After a century in limbo polecats are coming back

27 March 1998

After a century in limbo polecats are coming back

THE resurgence of any species in an area where it has been virtually extinct for almost a century, is a reason for celebration among wildlife experts. But the natural return of the polecat to lowland areas of England is one that conservationists hope farmers will welcome too.

Farmers and gamekeepers have not been too friendly to the polecat in the past. They would kill it to protect their poultry and game birds and although once common all over Britain, it had been hunted out of England by 1880 and by 1915 could only be found in west Wales. However, rabbits are the polecats main prey and with the population explosion of this pest the return of the polecat can only be of advantage to farmers.

Reduced persecution and the rise in rabbit numbers have allowed the polecat to recolonise Wales and it has filtered back into bordering counties. But they are still pretty thin on the ground, so gamekeepers too can afford to tolerate them. Poultry keepers will find that the measures they already employ to keep predators away from their fowls, such as shutting them up in secure housing at night, will be effective against polecats too.

"The polecat is listed on Schedule 6 of the Wildlife and Countryside Act (1981) and it is illegal to trap it without a licence," says Becky Palmer of the Cheshire Wildlife Trust*. She is monitoring the recolonisation of that county by the creature and is encouraging people to report sightings. "Polecats are unpredictable, shy, nocturnal opportunists, so they are not something you happen across very often," says Becky. "Their habitat is hedgerows and field margins and they are sometimes found in farm buildings where they take rats and mice."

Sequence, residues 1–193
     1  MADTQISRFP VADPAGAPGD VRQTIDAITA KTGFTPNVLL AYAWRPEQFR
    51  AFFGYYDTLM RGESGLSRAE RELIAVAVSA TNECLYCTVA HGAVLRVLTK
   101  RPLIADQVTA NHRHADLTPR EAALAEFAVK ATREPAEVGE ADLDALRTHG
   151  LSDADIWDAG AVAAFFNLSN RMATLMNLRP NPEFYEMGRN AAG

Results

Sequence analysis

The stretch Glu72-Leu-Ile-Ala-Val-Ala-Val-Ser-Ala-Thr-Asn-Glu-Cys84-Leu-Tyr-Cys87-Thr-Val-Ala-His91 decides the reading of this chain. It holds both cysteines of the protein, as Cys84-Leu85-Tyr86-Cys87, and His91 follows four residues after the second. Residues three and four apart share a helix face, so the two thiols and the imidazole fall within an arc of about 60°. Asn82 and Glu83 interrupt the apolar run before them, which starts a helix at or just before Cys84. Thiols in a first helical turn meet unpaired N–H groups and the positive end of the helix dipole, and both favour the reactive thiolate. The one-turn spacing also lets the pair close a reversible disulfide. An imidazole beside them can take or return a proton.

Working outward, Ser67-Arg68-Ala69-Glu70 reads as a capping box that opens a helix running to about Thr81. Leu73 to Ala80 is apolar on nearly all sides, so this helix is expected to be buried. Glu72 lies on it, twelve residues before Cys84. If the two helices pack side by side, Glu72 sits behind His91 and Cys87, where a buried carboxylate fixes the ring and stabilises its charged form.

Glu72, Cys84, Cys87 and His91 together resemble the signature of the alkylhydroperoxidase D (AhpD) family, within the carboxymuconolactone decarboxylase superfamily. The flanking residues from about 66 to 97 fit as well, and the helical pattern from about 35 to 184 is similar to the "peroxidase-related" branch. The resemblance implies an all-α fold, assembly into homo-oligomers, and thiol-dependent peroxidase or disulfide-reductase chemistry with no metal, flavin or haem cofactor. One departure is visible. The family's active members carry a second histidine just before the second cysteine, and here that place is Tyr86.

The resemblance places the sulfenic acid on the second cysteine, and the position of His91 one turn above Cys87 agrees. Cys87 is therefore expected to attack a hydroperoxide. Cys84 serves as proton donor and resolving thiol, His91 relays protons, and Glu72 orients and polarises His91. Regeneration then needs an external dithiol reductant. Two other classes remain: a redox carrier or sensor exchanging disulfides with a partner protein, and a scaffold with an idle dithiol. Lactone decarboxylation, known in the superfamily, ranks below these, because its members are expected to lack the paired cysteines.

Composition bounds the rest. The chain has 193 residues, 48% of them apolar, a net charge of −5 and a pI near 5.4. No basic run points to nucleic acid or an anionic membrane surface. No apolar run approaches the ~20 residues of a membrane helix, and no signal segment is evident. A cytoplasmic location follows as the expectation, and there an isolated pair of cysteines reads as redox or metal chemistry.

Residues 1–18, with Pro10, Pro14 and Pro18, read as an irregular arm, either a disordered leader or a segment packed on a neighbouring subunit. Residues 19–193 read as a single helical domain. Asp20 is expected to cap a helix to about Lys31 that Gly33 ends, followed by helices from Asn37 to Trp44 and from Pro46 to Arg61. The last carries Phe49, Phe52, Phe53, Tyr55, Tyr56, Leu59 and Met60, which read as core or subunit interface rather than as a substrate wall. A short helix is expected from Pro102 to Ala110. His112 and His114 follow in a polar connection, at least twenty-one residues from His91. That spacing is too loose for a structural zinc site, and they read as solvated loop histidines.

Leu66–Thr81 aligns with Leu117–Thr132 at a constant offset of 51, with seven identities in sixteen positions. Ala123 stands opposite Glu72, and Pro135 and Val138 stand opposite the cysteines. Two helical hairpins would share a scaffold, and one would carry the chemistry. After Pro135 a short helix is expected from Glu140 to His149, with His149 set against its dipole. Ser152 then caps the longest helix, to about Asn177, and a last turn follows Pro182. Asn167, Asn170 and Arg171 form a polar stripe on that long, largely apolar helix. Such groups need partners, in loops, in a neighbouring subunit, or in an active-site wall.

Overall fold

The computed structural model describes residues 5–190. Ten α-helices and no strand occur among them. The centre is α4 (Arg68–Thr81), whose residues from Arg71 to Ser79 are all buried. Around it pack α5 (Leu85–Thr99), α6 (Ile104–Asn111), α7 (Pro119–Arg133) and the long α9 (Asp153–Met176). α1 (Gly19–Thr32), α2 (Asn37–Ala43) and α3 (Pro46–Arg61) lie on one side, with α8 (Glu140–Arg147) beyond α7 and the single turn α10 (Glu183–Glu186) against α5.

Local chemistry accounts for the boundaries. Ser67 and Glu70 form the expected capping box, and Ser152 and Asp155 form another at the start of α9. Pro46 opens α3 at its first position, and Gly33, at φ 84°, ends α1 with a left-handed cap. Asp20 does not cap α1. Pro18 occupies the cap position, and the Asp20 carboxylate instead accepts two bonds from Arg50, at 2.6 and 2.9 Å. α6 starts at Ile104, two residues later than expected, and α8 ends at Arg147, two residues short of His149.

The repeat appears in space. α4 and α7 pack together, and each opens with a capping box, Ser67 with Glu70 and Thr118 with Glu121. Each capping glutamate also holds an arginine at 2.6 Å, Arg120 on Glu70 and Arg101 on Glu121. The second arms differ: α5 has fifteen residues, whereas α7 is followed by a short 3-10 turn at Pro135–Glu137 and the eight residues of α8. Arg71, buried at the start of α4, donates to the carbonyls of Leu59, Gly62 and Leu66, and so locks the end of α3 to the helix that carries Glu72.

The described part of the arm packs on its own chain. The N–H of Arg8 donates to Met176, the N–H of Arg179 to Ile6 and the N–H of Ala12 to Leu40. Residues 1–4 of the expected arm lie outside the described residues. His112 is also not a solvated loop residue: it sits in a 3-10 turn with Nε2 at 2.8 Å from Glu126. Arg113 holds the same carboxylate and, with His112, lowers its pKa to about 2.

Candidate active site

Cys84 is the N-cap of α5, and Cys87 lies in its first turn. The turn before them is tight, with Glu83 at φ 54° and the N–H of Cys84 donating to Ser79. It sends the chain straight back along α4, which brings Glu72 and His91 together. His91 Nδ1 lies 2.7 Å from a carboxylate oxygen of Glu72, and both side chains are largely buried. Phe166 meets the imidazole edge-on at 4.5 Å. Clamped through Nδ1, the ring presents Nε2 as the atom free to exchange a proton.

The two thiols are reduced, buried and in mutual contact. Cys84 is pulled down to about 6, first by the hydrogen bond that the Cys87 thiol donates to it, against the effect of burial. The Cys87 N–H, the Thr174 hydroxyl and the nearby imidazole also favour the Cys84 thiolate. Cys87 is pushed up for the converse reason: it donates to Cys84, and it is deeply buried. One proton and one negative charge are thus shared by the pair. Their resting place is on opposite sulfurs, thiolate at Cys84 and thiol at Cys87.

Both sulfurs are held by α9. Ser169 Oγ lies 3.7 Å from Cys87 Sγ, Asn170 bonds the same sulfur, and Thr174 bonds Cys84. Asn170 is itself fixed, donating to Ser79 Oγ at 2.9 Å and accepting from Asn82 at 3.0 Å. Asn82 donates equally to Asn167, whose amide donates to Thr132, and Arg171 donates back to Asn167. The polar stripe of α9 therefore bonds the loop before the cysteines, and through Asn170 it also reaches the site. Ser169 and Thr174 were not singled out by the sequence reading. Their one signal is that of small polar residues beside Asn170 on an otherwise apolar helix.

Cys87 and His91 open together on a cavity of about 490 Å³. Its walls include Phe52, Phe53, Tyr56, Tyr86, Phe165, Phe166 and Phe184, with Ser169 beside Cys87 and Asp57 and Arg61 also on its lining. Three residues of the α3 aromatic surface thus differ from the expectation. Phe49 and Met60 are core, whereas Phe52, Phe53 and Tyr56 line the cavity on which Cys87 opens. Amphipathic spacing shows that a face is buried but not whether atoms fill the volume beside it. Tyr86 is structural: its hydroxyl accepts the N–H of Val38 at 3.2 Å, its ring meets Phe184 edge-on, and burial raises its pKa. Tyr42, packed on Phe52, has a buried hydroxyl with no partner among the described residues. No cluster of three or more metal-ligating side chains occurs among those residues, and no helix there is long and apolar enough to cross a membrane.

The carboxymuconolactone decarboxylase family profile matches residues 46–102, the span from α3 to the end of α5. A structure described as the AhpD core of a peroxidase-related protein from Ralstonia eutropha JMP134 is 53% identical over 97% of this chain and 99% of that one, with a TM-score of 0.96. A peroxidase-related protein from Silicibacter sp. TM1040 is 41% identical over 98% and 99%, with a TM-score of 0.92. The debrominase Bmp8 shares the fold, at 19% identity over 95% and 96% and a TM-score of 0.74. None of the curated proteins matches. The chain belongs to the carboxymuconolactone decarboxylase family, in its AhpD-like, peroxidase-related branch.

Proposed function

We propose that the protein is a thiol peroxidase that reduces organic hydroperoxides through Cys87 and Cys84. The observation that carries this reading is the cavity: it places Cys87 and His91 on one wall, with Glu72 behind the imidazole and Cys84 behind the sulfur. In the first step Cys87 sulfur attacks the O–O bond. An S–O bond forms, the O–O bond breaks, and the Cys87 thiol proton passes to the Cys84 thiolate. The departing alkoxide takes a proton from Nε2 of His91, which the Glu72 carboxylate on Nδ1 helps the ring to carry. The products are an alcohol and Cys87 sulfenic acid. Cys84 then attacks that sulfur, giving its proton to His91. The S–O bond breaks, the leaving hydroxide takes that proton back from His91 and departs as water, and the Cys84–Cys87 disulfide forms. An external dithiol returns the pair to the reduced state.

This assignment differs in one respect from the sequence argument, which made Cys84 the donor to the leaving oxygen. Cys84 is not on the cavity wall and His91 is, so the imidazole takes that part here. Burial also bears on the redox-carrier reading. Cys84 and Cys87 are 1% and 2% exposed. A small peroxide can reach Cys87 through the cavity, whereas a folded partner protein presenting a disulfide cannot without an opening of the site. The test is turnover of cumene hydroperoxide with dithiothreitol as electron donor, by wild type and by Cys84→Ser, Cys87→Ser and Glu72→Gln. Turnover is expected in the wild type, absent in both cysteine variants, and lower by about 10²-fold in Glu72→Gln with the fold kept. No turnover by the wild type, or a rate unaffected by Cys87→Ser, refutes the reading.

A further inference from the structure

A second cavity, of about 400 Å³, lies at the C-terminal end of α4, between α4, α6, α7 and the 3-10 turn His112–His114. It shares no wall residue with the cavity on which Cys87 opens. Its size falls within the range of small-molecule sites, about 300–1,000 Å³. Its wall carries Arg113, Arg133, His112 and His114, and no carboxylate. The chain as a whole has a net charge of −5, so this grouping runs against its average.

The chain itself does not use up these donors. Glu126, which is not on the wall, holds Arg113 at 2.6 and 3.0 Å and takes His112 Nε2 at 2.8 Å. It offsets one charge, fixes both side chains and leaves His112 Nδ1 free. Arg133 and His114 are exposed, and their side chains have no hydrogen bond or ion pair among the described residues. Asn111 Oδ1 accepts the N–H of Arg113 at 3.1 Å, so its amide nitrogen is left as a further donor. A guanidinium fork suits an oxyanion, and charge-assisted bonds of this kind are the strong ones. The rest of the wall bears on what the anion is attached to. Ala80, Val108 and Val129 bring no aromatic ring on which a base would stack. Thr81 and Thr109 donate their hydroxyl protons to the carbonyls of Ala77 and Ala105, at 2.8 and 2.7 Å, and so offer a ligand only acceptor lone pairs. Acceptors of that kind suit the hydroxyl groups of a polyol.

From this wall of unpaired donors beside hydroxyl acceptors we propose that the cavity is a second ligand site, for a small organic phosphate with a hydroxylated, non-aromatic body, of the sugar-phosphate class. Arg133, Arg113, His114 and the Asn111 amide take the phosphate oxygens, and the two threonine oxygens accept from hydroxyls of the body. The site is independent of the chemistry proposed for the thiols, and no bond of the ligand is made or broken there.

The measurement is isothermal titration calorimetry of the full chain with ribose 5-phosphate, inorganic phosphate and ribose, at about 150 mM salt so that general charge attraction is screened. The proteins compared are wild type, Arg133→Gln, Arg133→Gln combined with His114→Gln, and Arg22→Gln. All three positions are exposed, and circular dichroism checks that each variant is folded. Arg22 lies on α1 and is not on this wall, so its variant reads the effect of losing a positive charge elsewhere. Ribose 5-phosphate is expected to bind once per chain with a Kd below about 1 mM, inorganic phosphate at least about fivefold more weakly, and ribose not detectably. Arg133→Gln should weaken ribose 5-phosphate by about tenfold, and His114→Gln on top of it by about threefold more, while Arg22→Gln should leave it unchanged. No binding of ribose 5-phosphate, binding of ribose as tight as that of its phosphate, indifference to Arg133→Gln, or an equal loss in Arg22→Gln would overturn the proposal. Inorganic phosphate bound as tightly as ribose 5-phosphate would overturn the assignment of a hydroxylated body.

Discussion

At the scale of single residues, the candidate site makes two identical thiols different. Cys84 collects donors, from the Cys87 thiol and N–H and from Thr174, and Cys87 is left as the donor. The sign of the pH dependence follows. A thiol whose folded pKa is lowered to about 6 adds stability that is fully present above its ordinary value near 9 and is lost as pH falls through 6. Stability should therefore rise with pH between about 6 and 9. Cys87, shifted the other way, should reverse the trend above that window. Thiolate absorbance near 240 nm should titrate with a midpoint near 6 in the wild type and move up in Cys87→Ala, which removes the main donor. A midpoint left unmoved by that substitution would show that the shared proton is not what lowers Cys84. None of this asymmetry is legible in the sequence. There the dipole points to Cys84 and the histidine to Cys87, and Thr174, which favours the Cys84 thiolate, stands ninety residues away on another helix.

&#42 Confusing identity

Positive identification can be difficult as they are sometimes confused with similar members of the weasel family, particularly feral ferrets and mink. Polecats are bigger than stoats and weasels, fiercer than domesticated ferrets, not as darkly coated as mink, and smaller than martens and otters. They will breed with ferrets and the resultant hybrids can even put an expert to the test when it comes to identifying them from a true polecat.

The polecat varies in size from 45 to 60cm (18 to 24in) long and has short legs. It has a white marking over the eyes, on the ears and round its nose which has a dark stripe. Its throat and chest are black. The dark coat has a yellow under-fur that is more noticeable in winter.

Becky has a stuffed polecat on her desk. "We know this is a true one because Johnny Birks of the Vincent Wildlife Trust** identified it. The VWT initiated conservation studies on the polecat in 1993 and he is the expert," she says.

This polecat met its demise on a road near Nantwich. "A lady out walking her dog at midnight saw two or three running across the road and this one was hit by a juggernaut. Her dog picked it up and carried it home and she put it in her freezer and called us. We had it identified and stuffed," explains Becky. Identified road casualties are an unfortunate but certain way of knowing this elusive creature is back in Cheshire.

A national live trapping survey carried out by the VWT, in partnership with other organisations, has also proved conclusively that the polecat is making a comeback in the Midlands and as far east as Oxford and Northampton. There are also new populations in the north-west of England and the West Highlands of Scotland which are thought to have grown from private reintroductions or escapes. Reintroductions are also becoming established on the Chilterns and in Wilts, Hants and Dorset and the VWT would like to hear of any sightings outside these areas.

&#42 Raising profile

In Cheshire, Becky would be pleased to hear of sightings and continues to work to raise the profile of the polecat in the county. "I would also like to talk to farmers about land management as an environment for small mammals," she says.

Tessa Gates

*Cheshire Wildlife Trust (01270-610180).**Vincent Wildlife Trust (0171-2832089).

Becky Palmer is monitoring the recolonisation of Cheshire by the polecat and is encouraging people to report sightings of this unpredictable creature.

See more